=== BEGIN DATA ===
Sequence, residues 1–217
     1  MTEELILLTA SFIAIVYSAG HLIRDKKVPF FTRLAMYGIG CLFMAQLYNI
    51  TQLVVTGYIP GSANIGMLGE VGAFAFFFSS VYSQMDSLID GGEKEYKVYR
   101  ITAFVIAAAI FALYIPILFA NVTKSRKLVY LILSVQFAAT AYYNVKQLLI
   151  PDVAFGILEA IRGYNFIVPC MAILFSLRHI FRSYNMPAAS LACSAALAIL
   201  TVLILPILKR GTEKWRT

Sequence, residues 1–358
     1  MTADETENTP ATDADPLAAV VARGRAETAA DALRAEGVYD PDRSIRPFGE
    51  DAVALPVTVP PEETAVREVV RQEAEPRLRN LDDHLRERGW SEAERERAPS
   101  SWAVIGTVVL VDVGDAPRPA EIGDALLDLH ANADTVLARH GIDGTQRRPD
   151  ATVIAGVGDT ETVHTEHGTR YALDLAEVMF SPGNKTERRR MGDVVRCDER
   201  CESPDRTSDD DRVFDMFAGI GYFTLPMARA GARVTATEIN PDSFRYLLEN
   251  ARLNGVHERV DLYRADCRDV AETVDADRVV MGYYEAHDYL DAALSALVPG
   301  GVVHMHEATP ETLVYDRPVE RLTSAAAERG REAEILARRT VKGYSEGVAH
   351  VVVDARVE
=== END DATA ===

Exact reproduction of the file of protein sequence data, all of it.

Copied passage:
Sequence, residues 1–217
     1  MTEELILLTA SFIAIVYSAG HLIRDKKVPF FTRLAMYGIG CLFMAQLYNI
    51  TQLVVTGYIP GSANIGMLGE VGAFAFFFSS VYSQMDSLID GGEKEYKVYR
   101  ITAFVIAAAI FALYIPILFA NVTKSRKLVY LILSVQFAAT AYYNVKQLLI
   151  PDVAFGILEA IRGYNFIVPC MAILFSLRHI FRSYNMPAAS LACSAALAIL
   201  TVLILPILKR GTEKWRT

Sequence, residues 1–358
     1  MTADETENTP ATDADPLAAV VARGRAETAA DALRAEGVYD PDRSIRPFGE
    51  DAVALPVTVP PEETAVREVV RQEAEPRLRN LDDHLRERGW SEAERERAPS
   101  SWAVIGTVVL VDVGDAPRPA EIGDALLDLH ANADTVLARH GIDGTQRRPD
   151  ATVIAGVGDT ETVHTEHGTR YALDLAEVMF SPGNKTERRR MGDVVRCDER
   201  CESPDRTSDD DRVFDMFAGI GYFTLPMARA GARVTATEIN PDSFRYLLEN
   251  ARLNGVHERV DLYRADCRDV AETVDADRVV MGYYEAHDYL DAALSALVPG
   301  GVVHMHEATP ETLVYDRPVE RLTSAAAERG REAEILARRT VKGYSEGVAH
   351  VVVDARVE